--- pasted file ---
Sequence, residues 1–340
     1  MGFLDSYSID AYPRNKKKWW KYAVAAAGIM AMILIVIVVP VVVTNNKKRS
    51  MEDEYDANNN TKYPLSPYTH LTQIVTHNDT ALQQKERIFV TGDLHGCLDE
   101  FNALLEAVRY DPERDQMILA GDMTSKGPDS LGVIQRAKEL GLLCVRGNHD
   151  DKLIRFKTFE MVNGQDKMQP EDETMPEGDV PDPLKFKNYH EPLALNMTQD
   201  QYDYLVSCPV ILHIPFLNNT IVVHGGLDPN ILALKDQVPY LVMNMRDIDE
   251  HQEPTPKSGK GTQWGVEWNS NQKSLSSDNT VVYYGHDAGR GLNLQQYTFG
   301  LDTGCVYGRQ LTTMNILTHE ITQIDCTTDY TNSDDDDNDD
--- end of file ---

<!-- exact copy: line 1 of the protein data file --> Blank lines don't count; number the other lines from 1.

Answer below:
Sequence, residues 1–340